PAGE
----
After the end of the War for Independence, Romania enjoyed a period without armed conflicts. Thus, the Romanian army came to the end of a period of almost 40 years of peace. The Romanian army’s problems came to light during its participation in the second Balkan war. However, a thorough analysis of all component aspects was not carried out, and the measures introduced were far from sufficient. The rapid reorganization of the army during the day before entering the war did not have the desired results. The army was forced to pass through a ‘baptism of fire’ and was reorganized with help from the the French military mission.
The highest structure of the Romanian army during the First World War was the General Headquarters. Its job was to lead, on a strategic level, the military operations of the Romanian army. The General Headquarters was a temporary command structure, existing only during war time. It was formed at the declaration of mobilization and was dissolved at the end of the war or military campaign for which it was created.
After the end of the First World War, the Romanian state began a campaign of building mausoleums and monuments dedicated to the heroes of the three years of fighting. Those who had died for their homeland came from all social and professional classes, from generals to regular soldiers.
A few years before the beginning of the First World War, the Romanian army could be compared to a militia, not to an organism prepared for war. The reduced number of soldiers, lack of modern endowments, complacency of politicians, and the long period of peace, all contributed towards making the Romanian army an anachronistic force for the conflict which was coming.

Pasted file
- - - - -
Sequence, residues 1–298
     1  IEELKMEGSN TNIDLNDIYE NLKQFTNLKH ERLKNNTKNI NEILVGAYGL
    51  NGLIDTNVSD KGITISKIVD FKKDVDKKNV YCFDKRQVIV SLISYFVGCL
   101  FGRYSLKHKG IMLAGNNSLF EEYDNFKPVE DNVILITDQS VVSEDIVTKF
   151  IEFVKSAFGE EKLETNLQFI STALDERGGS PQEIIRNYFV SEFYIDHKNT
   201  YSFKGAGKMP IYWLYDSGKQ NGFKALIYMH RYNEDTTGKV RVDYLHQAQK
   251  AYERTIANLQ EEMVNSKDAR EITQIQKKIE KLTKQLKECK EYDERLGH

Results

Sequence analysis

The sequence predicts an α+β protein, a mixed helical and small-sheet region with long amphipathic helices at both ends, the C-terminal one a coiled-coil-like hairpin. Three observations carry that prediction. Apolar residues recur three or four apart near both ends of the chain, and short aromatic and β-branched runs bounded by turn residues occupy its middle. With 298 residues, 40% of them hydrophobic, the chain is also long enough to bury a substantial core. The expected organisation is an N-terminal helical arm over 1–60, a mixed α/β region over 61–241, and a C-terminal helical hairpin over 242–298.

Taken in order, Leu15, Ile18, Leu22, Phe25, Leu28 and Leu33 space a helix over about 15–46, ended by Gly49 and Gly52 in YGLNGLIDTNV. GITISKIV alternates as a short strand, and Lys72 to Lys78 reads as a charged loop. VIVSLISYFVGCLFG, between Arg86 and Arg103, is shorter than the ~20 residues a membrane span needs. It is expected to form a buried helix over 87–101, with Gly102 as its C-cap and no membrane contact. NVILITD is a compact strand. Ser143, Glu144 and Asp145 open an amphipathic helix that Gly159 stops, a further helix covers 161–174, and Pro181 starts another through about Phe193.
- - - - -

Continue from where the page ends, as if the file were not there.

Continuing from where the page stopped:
As a predominantly agricultural country, Romania lacked technically-trained staff and industrial machinery. Thus, the manufacturing of weapons, ammunition and war materials, in sufficient quantities and to modern standards, was sadly lacking. An importer of military expertise from Germany and the Austro-Hungarian empire, Romania was kept by her allies in a form of dependence on the German and Austrian war machine. The two allies blocked the development of a military industry in Romania. All the Romanian state could do was to carry out repairs and produce military materials necessary for shooting practise.
Romania’s participation in the Second Balkan War proved that the army’s health service was almost inexistent. A cholera epidemic ravaged the soldiers, most of whom brought it back to the country.
At the beginning of the First World War, Romania had an unusual geographical shape. This meant that each of the two belligerent parties would benefit from Romania giving up its neutrality. After the defeat at Lemberg, the Austro-Hungarian empire gained land to the east, on the southern flank of the front against Russia. For the Entente, Romania’s entry into its camp would have meant a lengthening of the eastern front closer to the Balkans. Greece became a bridgehead for the English and French. Further, Romania would have attracted an easing of German pressure on the western front.
‘Hypothesis Z’ was the political-military document planning the military actions of the Romanian army, after the entry into the war on the side of the Entente. The plan laid out the general objective of the war, the plan for action and the allocation of military forces to fulfil the plan. It was drawn up by the Operations Unit of the Department of War, led by colonel Ion Rascanu, and approved by the head of the Department of War, General Vasile Zottu.
The operational plan of the Romanian army was partially conceived before Romania entered the war. Later, the evolution of events forced the Romanian command to complete, revise and completely remake this plan. It started as an offensive plan in Transylvania and ended up as a defensive plan in southern Moldova.
The Volunteer Corps from Transylvania was formed of Romanian fighters, originally from Transylvania. These men fought together with the Romanian army during the First World War. The goal was to unite Transylvania with Romania.
Two months after Romania entered the war, the French state sent a military mission into the country. This was made up of 277 infantry, cavalry and artillery officers, 88 doctors, chemists and vets, 37 pilots and look-outs, 4 navy officers and 8 special intervention officers. To these were added 1,150 soldiers of inferior grade, specialized in various jobs. Their purpose was to provide counsel, support and training to the units and leadership of the Romanian military. The mission was led by the division general, Henri Mathias Berthelot.